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Writing (6)
Cool stuff we saw this week at Outdoor Retailer Summer 2021 Expo

OR is a major annual trade show for the outdoor industry, similar to what SHOT is for the firearm market. There’s already a lot of overlap between outdoor recreation equipment and self-reliance --- clothing, shelter, stoves, navigation, communication, etc. So much so that, over time, these kinds of shows have evolved to often include vendors specifically marketing to the prepper crowd. It’s been 18 months since we last went to an OR show. It’s cool the show team tried to pull something

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How to DIY wax a Carhartt jacket and (maybe) save money

I love the idea of waxed canvas clothing. It’s waterproof, rugged, and fire-resistant --- but it’s also expensive. So I instead settled on a Carhartt Bartlett jacket in charcoal gray, which has plain duck cloth and no waxing. However, I quickly realized during a snow shoveling session that Carhartts were not very waterproof. Sure the duck cloth weave is tight and is more water repellent than a looser weave, but it still is made out of cotton. So I decided to try waxing the Carhartt mys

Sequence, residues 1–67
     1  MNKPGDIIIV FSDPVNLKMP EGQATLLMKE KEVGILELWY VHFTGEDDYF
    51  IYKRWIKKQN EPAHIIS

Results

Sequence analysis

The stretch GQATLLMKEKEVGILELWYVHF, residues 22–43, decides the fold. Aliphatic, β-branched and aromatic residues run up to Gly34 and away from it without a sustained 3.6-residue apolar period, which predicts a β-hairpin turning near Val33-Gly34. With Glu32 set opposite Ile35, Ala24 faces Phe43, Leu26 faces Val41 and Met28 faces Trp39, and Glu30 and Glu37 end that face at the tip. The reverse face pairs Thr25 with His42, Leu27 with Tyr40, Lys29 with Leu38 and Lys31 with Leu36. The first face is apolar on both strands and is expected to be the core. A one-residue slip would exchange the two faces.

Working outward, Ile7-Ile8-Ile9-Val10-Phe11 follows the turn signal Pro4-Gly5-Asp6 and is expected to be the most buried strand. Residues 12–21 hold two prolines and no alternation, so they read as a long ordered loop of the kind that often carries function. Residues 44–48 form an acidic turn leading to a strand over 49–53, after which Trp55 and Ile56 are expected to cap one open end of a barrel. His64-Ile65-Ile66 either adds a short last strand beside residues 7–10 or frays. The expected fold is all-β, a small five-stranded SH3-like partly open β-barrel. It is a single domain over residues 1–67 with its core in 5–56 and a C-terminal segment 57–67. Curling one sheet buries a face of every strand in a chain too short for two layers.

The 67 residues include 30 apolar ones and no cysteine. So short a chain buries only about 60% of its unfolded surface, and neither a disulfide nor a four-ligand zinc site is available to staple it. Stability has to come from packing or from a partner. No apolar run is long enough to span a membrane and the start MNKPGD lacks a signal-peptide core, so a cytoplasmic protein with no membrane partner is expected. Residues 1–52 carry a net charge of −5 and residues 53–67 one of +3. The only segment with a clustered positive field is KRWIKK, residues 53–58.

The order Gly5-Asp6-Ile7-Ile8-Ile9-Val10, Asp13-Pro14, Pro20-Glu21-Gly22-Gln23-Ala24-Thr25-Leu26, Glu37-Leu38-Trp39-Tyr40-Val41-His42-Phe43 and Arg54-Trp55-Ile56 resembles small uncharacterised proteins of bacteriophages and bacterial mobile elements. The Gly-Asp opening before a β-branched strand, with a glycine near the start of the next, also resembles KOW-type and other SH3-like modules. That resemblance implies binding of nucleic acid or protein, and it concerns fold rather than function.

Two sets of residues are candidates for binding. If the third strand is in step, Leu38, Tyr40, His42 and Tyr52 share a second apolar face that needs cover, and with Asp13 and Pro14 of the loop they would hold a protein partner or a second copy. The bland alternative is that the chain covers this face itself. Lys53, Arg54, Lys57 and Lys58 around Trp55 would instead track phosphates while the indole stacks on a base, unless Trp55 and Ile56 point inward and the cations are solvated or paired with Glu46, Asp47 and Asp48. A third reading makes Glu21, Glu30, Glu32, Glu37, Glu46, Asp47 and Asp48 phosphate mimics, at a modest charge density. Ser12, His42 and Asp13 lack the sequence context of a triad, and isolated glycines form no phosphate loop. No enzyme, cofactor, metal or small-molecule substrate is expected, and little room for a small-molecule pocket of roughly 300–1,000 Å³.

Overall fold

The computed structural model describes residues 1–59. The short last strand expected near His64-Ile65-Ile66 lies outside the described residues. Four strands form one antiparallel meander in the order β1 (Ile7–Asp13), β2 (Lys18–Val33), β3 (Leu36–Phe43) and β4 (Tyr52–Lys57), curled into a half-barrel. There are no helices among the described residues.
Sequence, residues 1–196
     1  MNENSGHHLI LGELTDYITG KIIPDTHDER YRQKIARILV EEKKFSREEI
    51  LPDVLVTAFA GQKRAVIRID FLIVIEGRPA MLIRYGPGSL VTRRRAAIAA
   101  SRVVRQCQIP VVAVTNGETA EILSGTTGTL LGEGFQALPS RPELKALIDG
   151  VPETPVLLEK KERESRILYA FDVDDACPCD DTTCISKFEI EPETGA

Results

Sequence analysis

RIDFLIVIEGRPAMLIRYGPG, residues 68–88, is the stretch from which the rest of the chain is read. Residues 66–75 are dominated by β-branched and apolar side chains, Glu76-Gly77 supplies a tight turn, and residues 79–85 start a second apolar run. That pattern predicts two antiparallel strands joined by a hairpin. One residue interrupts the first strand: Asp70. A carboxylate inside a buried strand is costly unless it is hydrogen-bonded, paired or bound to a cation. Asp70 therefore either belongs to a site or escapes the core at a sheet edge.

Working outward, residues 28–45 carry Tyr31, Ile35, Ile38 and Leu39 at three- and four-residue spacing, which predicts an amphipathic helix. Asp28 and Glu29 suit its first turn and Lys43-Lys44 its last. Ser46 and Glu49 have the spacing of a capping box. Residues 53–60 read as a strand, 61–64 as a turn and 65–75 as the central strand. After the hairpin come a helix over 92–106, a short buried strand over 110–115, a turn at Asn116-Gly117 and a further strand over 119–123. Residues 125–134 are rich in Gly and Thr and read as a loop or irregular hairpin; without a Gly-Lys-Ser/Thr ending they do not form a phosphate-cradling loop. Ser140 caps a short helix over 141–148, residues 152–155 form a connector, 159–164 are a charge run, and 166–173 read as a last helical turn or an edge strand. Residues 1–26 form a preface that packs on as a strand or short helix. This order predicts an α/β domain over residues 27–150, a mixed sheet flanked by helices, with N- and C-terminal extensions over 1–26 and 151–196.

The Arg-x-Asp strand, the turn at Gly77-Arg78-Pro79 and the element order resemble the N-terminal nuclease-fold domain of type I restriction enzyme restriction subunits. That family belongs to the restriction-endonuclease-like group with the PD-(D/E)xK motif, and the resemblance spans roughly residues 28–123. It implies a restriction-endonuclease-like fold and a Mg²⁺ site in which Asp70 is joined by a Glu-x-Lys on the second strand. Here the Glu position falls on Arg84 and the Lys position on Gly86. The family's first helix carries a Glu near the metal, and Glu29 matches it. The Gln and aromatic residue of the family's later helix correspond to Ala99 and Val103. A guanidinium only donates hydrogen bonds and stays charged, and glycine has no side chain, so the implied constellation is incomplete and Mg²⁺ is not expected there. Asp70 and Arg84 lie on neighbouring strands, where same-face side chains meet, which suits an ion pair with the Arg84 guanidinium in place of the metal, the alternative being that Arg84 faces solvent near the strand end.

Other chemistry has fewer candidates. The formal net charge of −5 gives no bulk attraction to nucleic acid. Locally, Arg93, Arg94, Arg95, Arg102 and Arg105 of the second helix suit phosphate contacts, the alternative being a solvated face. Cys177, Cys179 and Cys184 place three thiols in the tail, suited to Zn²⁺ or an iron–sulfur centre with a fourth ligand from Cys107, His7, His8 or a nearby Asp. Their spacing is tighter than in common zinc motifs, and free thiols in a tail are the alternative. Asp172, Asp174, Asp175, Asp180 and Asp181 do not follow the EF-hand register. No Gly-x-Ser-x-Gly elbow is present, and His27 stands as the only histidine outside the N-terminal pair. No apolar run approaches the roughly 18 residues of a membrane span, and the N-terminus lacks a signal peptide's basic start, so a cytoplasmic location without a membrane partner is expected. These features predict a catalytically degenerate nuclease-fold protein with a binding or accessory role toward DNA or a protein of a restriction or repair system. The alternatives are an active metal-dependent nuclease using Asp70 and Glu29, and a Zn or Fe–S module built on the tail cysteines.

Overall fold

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A look at the gear from every winner and runner-up of the TV show Alone

Warning: Contains spoilers for seasons 1-7 A lot of survival TV shows are fake. But one of my favorites is History’s Alone, in which 10 contestants (14 in Season 4) are dropped off in the wilderness and compete to see who can survive the longest while isolated. The show is now in its eighth season, which you can watch on Netflix or Hulu. In the mold of Survivorman’s Les Stroud, contestants operate their own camera equipment. And they are allowed only 10 items to help them survive as l

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Best lantern

Expert review of lanterns when your home or shelter loses light. Best electric, liquid and solid fuel options.

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The trench lighter: a flameless and windproof backup fire option

In our recent blog post on how to make char cloth, we cover a number of the downsides of char cloth as a fire starting material: it’s fragile, and it’s useless if it gets wet. Luckily, there’s a handy device for carrying char cloth that addresses both those problems: the trench lighter (aka a “rope lighter” or a “sailor’s lighter”). A trench lighter works by catching a spark in a charred portion of a rope. The burnt rope then works just like char cloth, turning that spark

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How to prepare for the loss of a loved one
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US capitol protests, what can we learn?
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My BOB really needs some work…
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Prepping new year’s resolutions
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What should I add to my altoids EDC tin?
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 Black Friday – Cyber Monday deals 2020
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Toilet paper vs. a bidet
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